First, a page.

The National Coalition of Anti-Violence Programs (NCAVP) released a report in 2017 on partner abuse in the LGBTQ community and the HIV-affected community entitled Lesbian, Gay, Bisexual, Transgender, Queer, And HIV-Affected Intimate Partner Violence in 2016.
The report included statistics based on 2,032 reports from their member organizations. The intention of this report is to provide insight into the abuse of LGBTQ and HIV-affected people, not to report national averages.
What They Found
The report found that the majority of abuse survivors were gay, at 43%, with 21% of survivors being heterosexual, 16% being lesbian, 10% being bisexual, and 6% being queer. The majority of survivors were also cisgender, with men at 43% and women at 38%, while only 11% were trans women, 3% were trans men and 4% were nonbinary or another gender not listed as an option. Most respondents identified as a person of color, making up 59%, while 39% identified as white.
The most common types of violence were physical violence, which 19% of respondents reported, and verbal harassment, which 18% reported. Other types of violence reported in the survey include threats and intimidation (11%), isolation (9%), and sexual violence (7%).
Forms of Support Sought by Survivors
Survey respondents were seeking help in a variety of ways. 25% of them needed legal help, while 17% sought help with housing needs and 14% needed help with mental health issues. Most survivors (59%) sought help with some type of safety planning.
Both members of the transgender community and members of the Latinx community were shown to be at three times the risk of abuse from an ex-partner than other people.
The NCAVP received 15 homicide reports in 2016 related to domestic violence. Nine of those victims were people of color. The genders of the victims include nine cis men, three cis women, two trans women, and one nonbinary person. Most of the victims were killed by a current partner, four were killed by an ex-partner and one was killed by police during an incident related to domestic abuse.
A large part of this report’s findings point to shortcomings in the resources that LGBTQ and HIV-affected people sought out. For quite some time, queer people have been left out of the domestic violence narrative.
This is an issue because often times, marginalized identities can factor into abuse, both through identity-based verbal harassment and barriers to accessing the services and support systems that help victims escape the abuse. For instance, shelter staff often are not equipped with the tools to provide affirming services to transgender people. Many transgender people report having been turned away at gender-segregated housing facilities or were assigned to housing not aligned with where they felt safest.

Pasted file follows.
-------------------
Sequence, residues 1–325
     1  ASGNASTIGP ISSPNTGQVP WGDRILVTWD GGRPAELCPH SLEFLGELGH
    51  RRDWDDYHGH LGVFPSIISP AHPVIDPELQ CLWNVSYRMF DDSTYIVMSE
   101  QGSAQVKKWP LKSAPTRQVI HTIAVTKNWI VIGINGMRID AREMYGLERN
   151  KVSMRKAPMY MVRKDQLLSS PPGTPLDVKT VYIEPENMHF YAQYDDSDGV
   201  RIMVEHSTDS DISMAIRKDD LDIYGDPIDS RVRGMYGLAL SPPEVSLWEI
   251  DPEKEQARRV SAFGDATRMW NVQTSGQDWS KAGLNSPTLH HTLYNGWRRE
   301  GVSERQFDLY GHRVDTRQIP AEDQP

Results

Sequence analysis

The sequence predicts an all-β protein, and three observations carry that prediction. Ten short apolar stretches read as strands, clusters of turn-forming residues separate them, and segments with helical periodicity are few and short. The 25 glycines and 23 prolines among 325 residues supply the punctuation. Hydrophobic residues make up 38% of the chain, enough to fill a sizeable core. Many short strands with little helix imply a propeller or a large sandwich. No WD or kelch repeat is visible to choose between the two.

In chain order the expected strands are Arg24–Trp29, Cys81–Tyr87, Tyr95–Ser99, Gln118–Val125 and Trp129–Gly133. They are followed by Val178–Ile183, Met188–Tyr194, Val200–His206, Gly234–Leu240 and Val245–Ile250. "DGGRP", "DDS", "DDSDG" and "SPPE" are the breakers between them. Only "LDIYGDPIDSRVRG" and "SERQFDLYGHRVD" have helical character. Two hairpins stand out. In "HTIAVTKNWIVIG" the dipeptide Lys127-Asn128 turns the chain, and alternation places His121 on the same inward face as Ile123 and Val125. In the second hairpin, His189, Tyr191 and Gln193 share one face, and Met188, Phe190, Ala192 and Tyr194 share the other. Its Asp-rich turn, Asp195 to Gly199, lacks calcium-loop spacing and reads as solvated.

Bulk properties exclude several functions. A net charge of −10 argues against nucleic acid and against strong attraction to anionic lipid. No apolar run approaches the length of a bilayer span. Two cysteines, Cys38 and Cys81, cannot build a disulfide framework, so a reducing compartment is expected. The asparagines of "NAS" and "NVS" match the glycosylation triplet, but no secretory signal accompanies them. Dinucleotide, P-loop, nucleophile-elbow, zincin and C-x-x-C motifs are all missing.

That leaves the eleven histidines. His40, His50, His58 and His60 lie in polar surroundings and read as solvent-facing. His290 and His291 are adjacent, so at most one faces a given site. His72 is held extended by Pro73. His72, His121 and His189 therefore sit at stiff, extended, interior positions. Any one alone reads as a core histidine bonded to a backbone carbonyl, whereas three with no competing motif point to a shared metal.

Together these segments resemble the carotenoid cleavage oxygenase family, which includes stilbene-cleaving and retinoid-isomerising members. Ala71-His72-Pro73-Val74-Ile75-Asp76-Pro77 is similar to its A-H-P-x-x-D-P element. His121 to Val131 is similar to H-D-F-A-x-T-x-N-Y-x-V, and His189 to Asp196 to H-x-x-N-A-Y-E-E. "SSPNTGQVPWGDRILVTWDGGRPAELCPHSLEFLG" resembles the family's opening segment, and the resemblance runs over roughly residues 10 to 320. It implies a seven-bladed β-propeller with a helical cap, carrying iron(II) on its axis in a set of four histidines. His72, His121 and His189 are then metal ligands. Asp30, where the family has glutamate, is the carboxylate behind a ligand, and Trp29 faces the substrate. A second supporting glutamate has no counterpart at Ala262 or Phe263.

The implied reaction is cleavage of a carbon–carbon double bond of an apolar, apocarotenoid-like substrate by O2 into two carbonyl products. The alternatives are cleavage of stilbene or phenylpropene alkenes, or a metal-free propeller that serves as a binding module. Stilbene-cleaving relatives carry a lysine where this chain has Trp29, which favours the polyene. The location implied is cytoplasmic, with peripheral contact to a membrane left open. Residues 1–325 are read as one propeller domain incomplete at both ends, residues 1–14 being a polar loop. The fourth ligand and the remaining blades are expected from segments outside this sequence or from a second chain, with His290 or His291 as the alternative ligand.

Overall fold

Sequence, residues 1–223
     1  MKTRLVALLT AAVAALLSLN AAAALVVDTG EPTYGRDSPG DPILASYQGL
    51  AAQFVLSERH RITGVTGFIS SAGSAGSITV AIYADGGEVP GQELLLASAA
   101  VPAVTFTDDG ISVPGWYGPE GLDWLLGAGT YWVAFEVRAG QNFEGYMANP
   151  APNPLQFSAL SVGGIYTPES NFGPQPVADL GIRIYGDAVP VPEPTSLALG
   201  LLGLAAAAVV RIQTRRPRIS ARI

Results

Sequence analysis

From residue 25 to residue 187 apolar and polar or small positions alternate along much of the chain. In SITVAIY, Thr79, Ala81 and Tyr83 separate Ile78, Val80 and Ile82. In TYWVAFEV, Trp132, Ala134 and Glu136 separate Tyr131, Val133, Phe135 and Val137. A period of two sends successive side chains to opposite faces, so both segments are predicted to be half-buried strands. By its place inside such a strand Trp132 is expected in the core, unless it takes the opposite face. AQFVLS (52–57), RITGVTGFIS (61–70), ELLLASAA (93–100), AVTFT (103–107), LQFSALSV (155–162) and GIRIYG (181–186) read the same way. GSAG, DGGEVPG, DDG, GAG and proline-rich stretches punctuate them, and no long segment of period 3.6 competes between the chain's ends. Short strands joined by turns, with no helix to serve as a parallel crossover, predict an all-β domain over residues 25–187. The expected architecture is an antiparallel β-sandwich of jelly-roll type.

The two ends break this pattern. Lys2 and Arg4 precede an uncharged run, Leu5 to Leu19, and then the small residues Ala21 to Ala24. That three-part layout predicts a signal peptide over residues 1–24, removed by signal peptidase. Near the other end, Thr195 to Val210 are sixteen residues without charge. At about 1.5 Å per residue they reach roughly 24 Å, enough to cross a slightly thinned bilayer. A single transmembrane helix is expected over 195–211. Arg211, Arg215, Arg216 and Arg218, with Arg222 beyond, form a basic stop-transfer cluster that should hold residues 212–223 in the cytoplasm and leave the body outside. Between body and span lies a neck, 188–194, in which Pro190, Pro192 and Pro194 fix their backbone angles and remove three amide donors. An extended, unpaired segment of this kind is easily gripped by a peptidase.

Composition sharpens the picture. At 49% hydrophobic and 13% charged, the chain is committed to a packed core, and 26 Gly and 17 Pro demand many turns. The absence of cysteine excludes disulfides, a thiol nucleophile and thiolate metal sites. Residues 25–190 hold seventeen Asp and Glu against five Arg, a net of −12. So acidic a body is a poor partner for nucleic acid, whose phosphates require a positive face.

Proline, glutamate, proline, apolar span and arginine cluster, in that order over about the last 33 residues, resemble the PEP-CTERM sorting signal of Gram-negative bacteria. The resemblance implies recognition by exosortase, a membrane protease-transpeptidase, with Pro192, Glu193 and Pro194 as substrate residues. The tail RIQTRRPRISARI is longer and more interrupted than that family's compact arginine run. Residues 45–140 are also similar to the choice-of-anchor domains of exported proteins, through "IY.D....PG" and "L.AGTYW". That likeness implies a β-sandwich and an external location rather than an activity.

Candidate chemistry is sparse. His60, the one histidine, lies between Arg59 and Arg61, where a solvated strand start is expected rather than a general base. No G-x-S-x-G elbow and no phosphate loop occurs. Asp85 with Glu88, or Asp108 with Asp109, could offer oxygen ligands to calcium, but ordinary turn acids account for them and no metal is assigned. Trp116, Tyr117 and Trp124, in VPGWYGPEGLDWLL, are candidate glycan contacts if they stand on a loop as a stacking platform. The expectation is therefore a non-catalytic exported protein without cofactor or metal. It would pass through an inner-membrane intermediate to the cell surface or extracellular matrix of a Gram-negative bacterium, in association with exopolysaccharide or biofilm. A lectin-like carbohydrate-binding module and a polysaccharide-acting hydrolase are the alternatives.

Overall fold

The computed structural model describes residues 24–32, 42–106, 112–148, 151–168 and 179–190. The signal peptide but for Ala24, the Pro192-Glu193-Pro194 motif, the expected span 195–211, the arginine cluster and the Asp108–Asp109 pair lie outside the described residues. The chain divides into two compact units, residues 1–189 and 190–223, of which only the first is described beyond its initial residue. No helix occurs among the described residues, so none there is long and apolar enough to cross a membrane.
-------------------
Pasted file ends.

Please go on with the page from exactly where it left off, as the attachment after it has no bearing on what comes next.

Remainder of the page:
Intersectional Approaches Are Needed
The intersection of different types of discrimination can also affect the likelihood of abuse and types of abuse that a person faces. For instance, one survey found that bisexual transgender students face higher rates of abuse than heterosexual transgender students. This concept is also applicable to racism, ableism, religious discrimination, and other types of bigotry.
Warning Signs and Seeking Help
Some common warning signs that your partner might be abusive include:
- Trying to control your actions and who you spend time with
- Unwarranted jealousy or anger
- Making you feel badly about yourself
- Financial control
- Threatening to hurt you or someone you care about
- Destruction of property
- Disrespecting your autonomy
- Pressuring you into activities you are uncomfortable with, including sex and drug use
- Dismissing your memory of events and acting like the victim of every scenario
This is not a comprehensive list of abusive behaviors. If you are concerned that you or someone you care about is being abused, please reach out for help.
National Domestic Violence Hotline - Phone: 800-799-7233
Connecticut Coalition Against Domestic Violence - Phone: 888-774-2900
Local Resource for Intimate Partner Violence and Sexual Violence in Bridgeport - Center for Family Justice - Phone: 203-384-9559